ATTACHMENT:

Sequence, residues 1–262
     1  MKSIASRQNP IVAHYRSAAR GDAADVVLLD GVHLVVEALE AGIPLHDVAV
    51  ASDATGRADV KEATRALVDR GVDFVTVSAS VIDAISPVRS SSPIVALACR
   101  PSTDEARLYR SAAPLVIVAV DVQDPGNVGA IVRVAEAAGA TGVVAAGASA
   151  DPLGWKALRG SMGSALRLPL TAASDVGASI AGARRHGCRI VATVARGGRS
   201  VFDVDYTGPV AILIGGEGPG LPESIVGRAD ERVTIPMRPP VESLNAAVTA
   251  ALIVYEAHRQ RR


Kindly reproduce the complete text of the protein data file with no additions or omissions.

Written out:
Sequence, residues 1–262
     1  MKSIASRQNP IVAHYRSAAR GDAADVVLLD GVHLVVEALE AGIPLHDVAV
    51  ASDATGRADV KEATRALVDR GVDFVTVSAS VIDAISPVRS SSPIVALACR
   101  PSTDEARLYR SAAPLVIVAV DVQDPGNVGA IVRVAEAAGA TGVVAAGASA
   151  DPLGWKALRG SMGSALRLPL TAASDVGASI AGARRHGCRI VATVARGGRS
   201  VFDVDYTGPV AILIGGEGPG LPESIVGRAD ERVTIPMRPP VESLNAAVTA
   251  ALIVYEAHRQ RR